The targeting of Ms Sinema – whom protesters followed to a fundraiser at a luxury resort, chased through an airport, and continued to the door of a bathroom at the university where she teaches – has been particularly aggressive, prompting calls from some fellow Democrats for activists to fire.

“It was awful,” said Senator Brian Schatz, Democrat of Hawaii, of the latest protest against Ms. Sinema. “Direct action is perfectly appropriate in American-style democracy. But bathrooms are prohibited. It should go without saying, but apparently we need to be clear: bathrooms are off limits. “

Majority leader Senator Chuck Schumer of New York City said he sympathized with the protesters’ message – especially those advocating a path to citizenship for undocumented immigrants – but disapproved of their tactics.

“I strongly support the right to protest peacefully,” Schumer said. “I started my career protesting the Vietnam War, and I get protested all the time. I understand, and therefore I feel for the immigrant community and what they are going through. But following someone into a bathroom and recording them, you’re done.

In her own statement, Ms Sinema condemned the meeting in the bathroom as “totally inappropriate” and suggested that it was, at least in part, the result of the heated debate that surrounded Mr. Biden.

“It is the duty of elected leaders to avoid fostering an environment in which honest political disagreements serve as the basis of vitriol – by raising the temperature of political rhetoric and creating an authorizing structure for unacceptable behavior,” he said. she declared.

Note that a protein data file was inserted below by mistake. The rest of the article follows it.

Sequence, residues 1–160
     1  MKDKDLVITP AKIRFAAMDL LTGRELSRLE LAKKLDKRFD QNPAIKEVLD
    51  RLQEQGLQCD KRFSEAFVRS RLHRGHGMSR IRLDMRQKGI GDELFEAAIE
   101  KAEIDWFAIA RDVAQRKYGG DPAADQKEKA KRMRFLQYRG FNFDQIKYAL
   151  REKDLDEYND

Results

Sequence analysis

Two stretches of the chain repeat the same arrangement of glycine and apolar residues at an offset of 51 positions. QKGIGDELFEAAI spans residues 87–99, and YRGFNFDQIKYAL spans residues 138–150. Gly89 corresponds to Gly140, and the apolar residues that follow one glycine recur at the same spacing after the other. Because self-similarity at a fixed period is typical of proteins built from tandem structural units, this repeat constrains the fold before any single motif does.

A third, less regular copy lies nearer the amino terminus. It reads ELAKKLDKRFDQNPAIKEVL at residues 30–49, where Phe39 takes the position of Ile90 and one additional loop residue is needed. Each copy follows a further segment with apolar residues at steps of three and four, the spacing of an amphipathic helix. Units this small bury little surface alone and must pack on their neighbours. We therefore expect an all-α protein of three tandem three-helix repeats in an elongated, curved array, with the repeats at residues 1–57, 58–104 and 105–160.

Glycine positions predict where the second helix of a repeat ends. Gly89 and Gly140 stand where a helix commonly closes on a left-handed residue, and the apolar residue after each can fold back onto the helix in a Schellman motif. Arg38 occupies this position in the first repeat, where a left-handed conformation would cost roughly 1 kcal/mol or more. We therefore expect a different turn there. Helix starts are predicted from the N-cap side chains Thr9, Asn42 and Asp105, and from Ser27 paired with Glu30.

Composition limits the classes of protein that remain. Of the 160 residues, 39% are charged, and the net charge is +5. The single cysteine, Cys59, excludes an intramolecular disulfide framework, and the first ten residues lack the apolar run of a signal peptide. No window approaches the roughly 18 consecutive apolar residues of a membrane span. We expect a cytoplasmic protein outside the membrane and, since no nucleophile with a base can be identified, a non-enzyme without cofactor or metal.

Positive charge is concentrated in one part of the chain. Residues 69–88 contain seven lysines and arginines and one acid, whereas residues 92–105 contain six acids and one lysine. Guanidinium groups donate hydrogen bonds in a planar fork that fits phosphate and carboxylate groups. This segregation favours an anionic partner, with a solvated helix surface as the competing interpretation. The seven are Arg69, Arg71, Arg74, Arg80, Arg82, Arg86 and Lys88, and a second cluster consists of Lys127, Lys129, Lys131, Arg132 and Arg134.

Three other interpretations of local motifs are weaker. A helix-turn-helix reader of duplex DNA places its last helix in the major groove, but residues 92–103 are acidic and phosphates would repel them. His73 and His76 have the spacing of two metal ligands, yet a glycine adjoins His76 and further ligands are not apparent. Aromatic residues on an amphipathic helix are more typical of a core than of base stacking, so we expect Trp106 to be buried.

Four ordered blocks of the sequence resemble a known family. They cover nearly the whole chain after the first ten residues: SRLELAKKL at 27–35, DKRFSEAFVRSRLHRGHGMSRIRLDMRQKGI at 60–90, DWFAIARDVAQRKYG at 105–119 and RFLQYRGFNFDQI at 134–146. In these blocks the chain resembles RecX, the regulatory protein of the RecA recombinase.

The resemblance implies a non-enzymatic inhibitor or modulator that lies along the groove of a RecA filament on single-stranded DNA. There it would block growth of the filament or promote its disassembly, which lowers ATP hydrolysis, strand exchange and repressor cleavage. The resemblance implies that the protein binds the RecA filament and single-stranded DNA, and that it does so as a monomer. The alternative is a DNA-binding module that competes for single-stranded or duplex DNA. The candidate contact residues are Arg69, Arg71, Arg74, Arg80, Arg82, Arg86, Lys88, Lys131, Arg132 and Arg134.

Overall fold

Ms Sinema has been repeatedly criticized by her party’s progressive wing, including New York Democrat Representative Alexandria Ocasio-Cortez, who wrote on Twitter that Ms. Sinema “was trying to spare millions of health care opportunities for millions of people.”

The senator has become one of the focal points of an intense lobbying campaign by the White House and party leaders, because in an equally divided Senate, Democrats need each of their members to push through social policy and the climate bill. This gives Ms Sinema an effective veto on the package.

She privately told her colleagues that she was opposed to the corporate and personal tax increases that Democrats have offered to pay for the plan. She is also pushing to reduce the cost of the package and resist a prominent proposal to reduce prescription drug prices.

Protesters who dragged her to the bathroom, from LUCHA Arizona, a grassroots progressive organization, said they were forced to do so because Ms. Sinema stopped holding town halls or answering questions from citizens. voters.